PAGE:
“Pull your mask up, please” – What It’s Like Going to a Public High School During a Pandemic

Coach Massey, Coach Cox and Coach Glenn

As I sat in my car blasting the AC and “Perfect Day” (yes the theme song from Legally Blonde…it’s a great motivational song), I crossed items off of my mental checklist. Backpack, at least one pencil, schedule, coffee…mask.  I stepped out into the blazing Mississippi sun sporting my leopard print fabric mask and joined my peers in a line outside of the main entrance. The last time that the majority of us were in this building, there wasn’t a raging virus that had cancelled sports, weddings, graduations, summer camps, you name it. We were eager high school students ready to enjoy our much needed spring break. The coronavirus was a foreign disease that wasn’t going to affect us at all.

“Next.” I stepped up to get my temperature taken and wondered if anyone had been sent home yet because theirs was too high. “You’re good.” I proceeded to get a stamp on my hand indicating that I was fever free and entered the school building.  At first, it didn’t look any different than it had when I left in March. Large banners that welcomed visitors and students to Amory High School hung in the main hallway.  Famous alumni jersey cases had been dusted and cleaned.  It wasn’t until I turned the corner that I realized that this first day of school was going to be unlike any other.  Teachers lined the hallways donning masks and encouraging students to spread at least six feet apart.  Unlike in the past, students were not allowed to mingle and congregate with each other before the first bell rang.  I made my way down the hallway and spoke to my former teachers and caught up with friends that I hadn’t seen in over five months.  I anxiously sat down in my first period class and braced myself for what was going to be an eight hour long learning experience.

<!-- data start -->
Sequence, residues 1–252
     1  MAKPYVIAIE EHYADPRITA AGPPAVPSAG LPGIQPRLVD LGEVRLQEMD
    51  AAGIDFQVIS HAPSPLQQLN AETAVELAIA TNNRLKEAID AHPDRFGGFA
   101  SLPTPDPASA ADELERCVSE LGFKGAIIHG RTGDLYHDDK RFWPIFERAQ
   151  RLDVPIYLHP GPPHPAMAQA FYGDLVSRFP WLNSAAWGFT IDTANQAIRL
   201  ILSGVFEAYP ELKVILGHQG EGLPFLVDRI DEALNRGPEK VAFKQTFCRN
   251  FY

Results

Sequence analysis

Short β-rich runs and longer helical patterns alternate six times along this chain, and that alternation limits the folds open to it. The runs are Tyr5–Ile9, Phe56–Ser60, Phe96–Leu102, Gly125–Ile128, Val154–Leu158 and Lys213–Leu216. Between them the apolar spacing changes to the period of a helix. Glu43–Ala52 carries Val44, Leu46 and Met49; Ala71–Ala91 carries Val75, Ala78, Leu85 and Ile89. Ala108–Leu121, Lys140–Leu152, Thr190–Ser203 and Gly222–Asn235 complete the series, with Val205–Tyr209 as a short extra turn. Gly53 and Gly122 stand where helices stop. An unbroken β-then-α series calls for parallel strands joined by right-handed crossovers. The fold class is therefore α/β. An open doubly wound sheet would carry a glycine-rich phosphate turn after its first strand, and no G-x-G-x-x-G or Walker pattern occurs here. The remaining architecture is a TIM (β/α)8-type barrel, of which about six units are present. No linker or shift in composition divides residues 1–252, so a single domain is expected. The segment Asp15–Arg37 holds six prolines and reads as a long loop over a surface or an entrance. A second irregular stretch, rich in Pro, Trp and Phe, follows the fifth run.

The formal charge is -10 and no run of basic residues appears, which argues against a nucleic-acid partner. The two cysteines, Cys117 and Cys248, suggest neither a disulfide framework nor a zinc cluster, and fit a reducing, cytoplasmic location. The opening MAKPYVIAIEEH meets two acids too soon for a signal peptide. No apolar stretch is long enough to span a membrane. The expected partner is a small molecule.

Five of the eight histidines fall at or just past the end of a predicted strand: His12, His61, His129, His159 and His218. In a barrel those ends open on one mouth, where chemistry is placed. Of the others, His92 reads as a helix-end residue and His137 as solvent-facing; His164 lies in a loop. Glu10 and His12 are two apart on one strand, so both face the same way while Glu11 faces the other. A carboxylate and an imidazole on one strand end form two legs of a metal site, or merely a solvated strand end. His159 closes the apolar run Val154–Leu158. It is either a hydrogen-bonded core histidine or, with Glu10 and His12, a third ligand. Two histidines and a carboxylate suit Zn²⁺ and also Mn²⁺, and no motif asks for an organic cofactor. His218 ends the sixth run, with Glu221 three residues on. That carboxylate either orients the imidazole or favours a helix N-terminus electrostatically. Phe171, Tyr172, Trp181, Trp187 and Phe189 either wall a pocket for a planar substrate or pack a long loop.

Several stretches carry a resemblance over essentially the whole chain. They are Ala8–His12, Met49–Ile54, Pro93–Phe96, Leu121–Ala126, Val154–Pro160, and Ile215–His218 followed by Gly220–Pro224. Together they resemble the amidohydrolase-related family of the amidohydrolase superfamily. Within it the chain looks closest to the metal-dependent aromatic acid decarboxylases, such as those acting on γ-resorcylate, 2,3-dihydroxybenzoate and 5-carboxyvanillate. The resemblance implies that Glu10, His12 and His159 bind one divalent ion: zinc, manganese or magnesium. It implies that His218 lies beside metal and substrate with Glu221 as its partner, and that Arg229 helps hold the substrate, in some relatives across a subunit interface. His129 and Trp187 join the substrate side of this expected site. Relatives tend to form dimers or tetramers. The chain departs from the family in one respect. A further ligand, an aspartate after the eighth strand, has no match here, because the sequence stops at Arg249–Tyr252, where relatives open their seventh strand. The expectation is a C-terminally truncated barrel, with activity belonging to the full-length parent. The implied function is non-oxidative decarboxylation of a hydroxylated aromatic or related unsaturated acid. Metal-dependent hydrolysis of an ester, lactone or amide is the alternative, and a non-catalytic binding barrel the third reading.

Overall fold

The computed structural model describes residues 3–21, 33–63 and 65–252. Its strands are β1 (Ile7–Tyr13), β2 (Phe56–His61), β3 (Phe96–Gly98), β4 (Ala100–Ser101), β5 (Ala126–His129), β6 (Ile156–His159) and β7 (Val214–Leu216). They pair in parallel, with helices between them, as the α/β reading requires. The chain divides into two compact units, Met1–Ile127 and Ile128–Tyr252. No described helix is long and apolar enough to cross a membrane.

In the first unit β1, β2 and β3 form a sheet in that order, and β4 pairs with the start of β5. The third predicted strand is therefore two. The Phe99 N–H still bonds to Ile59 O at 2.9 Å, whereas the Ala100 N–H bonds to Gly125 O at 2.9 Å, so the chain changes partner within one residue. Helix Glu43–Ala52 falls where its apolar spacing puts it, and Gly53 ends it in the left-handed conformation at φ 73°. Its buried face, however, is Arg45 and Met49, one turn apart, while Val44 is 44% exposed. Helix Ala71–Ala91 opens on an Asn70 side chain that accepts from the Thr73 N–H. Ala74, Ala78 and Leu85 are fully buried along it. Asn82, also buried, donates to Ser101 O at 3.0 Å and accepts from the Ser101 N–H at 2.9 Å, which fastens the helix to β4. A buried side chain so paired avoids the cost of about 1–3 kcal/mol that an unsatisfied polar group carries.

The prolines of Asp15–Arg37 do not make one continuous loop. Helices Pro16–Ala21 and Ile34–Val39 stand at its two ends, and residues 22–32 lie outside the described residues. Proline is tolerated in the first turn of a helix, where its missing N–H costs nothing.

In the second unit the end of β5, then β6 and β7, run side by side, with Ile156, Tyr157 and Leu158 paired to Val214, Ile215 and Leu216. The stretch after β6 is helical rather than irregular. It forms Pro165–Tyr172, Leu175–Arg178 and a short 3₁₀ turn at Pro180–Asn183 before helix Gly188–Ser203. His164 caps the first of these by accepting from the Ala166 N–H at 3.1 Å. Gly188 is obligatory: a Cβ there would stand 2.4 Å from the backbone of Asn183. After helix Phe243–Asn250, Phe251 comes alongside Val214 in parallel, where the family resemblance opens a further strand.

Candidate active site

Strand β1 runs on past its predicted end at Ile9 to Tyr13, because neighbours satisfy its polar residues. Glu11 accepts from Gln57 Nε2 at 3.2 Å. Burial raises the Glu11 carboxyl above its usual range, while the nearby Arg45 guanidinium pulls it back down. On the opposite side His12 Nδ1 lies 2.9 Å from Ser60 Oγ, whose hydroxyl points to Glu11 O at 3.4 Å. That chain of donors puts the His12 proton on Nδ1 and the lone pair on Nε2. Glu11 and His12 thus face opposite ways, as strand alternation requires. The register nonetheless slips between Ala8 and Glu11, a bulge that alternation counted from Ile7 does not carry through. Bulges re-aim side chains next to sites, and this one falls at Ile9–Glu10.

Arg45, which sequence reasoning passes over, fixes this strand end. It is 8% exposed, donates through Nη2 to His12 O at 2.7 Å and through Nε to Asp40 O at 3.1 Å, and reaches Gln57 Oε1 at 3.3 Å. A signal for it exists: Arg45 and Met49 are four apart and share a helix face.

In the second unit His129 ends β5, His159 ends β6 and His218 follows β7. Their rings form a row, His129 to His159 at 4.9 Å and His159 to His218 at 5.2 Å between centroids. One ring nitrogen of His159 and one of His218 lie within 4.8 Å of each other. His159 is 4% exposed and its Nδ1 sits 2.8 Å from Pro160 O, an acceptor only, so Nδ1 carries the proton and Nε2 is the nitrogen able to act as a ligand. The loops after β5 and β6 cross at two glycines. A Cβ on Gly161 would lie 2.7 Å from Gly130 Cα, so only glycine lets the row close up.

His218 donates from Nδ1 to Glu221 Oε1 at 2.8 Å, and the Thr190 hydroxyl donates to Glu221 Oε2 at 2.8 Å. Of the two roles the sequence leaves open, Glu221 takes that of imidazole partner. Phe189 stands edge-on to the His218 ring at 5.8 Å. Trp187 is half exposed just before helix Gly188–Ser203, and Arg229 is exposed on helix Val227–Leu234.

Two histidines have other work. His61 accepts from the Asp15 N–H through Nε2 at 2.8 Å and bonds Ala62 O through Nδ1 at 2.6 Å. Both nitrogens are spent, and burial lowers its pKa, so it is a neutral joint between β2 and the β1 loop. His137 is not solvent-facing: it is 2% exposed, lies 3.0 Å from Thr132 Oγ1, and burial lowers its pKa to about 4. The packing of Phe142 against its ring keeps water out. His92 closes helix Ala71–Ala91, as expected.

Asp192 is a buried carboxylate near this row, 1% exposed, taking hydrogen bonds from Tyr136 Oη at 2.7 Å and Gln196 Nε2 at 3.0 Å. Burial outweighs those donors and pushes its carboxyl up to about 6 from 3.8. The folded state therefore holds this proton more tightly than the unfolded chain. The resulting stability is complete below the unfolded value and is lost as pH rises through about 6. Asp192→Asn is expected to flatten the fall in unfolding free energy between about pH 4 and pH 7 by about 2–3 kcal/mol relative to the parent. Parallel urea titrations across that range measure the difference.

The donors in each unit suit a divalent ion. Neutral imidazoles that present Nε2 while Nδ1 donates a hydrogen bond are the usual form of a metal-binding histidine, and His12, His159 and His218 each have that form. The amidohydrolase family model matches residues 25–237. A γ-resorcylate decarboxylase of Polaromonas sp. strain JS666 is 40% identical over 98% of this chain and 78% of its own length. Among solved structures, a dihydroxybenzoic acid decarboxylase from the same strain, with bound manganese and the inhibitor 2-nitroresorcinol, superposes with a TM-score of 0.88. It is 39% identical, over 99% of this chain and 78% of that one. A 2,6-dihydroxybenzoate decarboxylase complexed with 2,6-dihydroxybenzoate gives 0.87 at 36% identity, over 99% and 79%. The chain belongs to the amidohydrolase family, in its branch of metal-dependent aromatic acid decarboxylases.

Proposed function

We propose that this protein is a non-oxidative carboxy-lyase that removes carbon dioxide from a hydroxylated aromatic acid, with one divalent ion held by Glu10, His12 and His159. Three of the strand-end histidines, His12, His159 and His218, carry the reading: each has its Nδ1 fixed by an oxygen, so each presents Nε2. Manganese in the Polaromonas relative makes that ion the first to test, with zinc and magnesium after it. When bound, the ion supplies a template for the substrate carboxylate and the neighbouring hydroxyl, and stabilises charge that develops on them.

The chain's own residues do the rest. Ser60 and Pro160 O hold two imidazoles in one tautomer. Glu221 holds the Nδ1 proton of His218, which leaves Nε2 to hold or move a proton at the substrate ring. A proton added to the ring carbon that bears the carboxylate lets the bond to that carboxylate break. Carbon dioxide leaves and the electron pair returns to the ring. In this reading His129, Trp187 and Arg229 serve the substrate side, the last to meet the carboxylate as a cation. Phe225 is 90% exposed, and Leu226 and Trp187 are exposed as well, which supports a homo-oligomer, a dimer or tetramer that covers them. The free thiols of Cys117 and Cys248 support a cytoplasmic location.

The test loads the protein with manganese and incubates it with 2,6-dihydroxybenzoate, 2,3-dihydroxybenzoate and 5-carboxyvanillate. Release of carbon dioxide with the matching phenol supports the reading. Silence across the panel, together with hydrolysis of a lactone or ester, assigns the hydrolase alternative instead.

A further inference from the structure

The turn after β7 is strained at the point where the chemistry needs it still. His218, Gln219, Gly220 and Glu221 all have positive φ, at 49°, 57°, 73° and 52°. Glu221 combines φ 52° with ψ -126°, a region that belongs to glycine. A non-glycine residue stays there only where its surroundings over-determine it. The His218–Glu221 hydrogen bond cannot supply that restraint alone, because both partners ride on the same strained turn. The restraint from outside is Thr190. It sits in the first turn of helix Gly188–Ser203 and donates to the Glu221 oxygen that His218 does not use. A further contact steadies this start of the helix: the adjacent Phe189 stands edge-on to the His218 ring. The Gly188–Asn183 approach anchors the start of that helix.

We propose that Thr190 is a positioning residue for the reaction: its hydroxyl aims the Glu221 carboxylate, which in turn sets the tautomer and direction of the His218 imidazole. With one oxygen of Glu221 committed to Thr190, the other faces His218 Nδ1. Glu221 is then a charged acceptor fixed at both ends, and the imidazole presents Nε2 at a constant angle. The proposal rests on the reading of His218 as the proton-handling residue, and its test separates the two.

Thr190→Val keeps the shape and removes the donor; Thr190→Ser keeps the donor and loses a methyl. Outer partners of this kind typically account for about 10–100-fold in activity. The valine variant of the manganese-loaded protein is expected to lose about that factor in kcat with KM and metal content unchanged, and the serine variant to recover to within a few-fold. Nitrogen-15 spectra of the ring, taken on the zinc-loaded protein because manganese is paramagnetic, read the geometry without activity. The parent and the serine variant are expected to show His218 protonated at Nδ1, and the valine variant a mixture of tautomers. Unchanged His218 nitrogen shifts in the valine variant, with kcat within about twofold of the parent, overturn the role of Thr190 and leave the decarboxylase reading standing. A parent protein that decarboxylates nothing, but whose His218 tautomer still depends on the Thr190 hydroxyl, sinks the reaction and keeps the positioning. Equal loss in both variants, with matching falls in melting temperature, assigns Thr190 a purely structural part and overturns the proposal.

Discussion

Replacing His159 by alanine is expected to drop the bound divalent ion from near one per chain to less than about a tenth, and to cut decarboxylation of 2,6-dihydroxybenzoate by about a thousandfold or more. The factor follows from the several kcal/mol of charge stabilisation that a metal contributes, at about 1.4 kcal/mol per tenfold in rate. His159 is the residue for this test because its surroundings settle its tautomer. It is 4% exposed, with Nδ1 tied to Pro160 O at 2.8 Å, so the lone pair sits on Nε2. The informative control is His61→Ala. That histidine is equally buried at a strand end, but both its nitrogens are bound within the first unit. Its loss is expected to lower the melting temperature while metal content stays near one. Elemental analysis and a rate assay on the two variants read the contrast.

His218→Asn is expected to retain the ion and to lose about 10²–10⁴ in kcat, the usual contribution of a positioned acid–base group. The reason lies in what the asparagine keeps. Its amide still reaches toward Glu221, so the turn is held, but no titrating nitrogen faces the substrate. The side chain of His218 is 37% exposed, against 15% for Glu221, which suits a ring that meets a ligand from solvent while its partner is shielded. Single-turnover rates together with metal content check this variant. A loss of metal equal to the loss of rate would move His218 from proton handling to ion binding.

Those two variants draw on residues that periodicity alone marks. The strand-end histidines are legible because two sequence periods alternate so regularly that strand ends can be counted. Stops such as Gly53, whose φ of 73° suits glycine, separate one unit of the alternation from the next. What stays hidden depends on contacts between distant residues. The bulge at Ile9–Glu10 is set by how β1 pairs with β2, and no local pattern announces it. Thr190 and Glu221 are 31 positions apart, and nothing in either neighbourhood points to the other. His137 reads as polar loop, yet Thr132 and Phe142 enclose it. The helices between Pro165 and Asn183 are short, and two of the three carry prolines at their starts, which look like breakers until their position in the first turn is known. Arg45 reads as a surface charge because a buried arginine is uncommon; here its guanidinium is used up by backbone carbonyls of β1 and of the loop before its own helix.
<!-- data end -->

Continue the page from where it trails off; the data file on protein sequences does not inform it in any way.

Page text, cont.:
“Okay everyone stop what you’re doing and go get a wipe.”  Everyone in my class collectively groaned as we got up one by one to get a disinfectant wipe to clean our desks.  It was seventh period, meaning that we had ended all six of our other classes four minutes early to make sure that our areas were disinfected before the next class came in.  Along with disinfecting our desks, we regularly used hand sanitizer, had our temperatures taken again before lunch, ate lunch in our classrooms six feet apart, and wore a mask at all times unless we were told otherwise.

This first day of school might be the longest day of school that I have ever been through (and as a junior in high school, I’ve been through a lot of days of school.)  However, I’m grateful that we got to have a first day of school.  I’m grateful that I got to see all of my friends even if we were constantly forgetting that we can no longer mouth things to each other in class.  I’m grateful for my teachers and administrators that make sure our school days are as safe and effective as possible.  So although school will very likely never look the same as it did in March, I think it’s going to bring us closer together and strengthen not only my school district, but public education as a whole as we navigate through the unknown waters of going to school during a pandemic.

 

Each classroom is supplied with 1 gallon of hand sanitizer gel.
The empty hallways await the flow of student traffic.
Teachers try to remain positive and inviting with welcome signs.
Mr. Fritch checks temperatures at one of the duty posts.